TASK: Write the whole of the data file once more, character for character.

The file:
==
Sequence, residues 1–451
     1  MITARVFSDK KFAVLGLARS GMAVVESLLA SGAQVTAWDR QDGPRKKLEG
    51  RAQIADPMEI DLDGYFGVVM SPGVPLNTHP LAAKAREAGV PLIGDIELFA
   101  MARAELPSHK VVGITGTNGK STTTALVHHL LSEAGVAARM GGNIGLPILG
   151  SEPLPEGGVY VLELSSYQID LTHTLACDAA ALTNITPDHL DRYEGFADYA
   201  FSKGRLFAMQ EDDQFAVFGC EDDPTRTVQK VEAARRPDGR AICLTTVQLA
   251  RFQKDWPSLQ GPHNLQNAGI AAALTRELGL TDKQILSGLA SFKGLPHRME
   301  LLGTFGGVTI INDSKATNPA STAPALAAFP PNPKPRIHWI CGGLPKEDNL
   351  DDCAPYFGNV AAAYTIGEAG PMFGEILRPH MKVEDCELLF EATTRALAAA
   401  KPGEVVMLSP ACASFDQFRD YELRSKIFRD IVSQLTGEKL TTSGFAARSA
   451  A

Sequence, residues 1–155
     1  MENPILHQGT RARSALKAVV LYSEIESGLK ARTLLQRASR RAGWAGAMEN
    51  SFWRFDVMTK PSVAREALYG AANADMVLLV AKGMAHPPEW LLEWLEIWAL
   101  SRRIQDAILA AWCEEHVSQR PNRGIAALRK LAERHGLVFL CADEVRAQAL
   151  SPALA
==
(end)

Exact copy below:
Sequence, residues 1–451
     1  MITARVFSDK KFAVLGLARS GMAVVESLLA SGAQVTAWDR QDGPRKKLEG
    51  RAQIADPMEI DLDGYFGVVM SPGVPLNTHP LAAKAREAGV PLIGDIELFA
   101  MARAELPSHK VVGITGTNGK STTTALVHHL LSEAGVAARM GGNIGLPILG
   151  SEPLPEGGVY VLELSSYQID LTHTLACDAA ALTNITPDHL DRYEGFADYA
   201  FSKGRLFAMQ EDDQFAVFGC EDDPTRTVQK VEAARRPDGR AICLTTVQLA
   251  RFQKDWPSLQ GPHNLQNAGI AAALTRELGL TDKQILSGLA SFKGLPHRME
   301  LLGTFGGVTI INDSKATNPA STAPALAAFP PNPKPRIHWI CGGLPKEDNL
   351  DDCAPYFGNV AAAYTIGEAG PMFGEILRPH MKVEDCELLF EATTRALAAA
   401  KPGEVVMLSP ACASFDQFRD YELRSKIFRD IVSQLTGEKL TTSGFAARSA
   451  A

Sequence, residues 1–155
     1  MENPILHQGT RARSALKAVV LYSEIESGLK ARTLLQRASR RAGWAGAMEN
    51  SFWRFDVMTK PSVAREALYG AANADMVLLV AKGMAHPPEW LLEWLEIWAL
   101  SRRIQDAILA AWCEEHVSQR PNRGIAALRK LAERHGLVFL CADEVRAQAL
   151  SPALA